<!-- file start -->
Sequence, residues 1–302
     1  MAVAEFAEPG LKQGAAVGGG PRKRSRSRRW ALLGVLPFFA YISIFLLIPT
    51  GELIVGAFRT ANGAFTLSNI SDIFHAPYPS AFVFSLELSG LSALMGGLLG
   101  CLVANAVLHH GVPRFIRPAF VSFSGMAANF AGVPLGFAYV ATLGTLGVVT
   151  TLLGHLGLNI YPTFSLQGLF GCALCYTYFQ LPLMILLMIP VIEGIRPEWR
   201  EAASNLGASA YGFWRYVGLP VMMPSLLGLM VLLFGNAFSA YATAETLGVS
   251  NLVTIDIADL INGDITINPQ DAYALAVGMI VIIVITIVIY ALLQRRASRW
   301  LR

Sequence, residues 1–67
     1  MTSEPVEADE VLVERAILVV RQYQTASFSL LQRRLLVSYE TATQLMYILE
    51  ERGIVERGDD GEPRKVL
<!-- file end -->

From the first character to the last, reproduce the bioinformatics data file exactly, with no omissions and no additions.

Sequence, residues 1–302
     1  MAVAEFAEPG LKQGAAVGGG PRKRSRSRRW ALLGVLPFFA YISIFLLIPT
    51  GELIVGAFRT ANGAFTLSNI SDIFHAPYPS AFVFSLELSG LSALMGGLLG
   101  CLVANAVLHH GVPRFIRPAF VSFSGMAANF AGVPLGFAYV ATLGTLGVVT
   151  TLLGHLGLNI YPTFSLQGLF GCALCYTYFQ LPLMILLMIP VIEGIRPEWR
   201  EAASNLGASA YGFWRYVGLP VMMPSLLGLM VLLFGNAFSA YATAETLGVS
   251  NLVTIDIADL INGDITINPQ DAYALAVGMI VIIVITIVIY ALLQRRASRW
   301  LR

Sequence, residues 1–67
     1  MTSEPVEADE VLVERAILVV RQYQTASFSL LQRRLLVSYE TATQLMYILE
    51  ERGIVERGDD GEPRKVL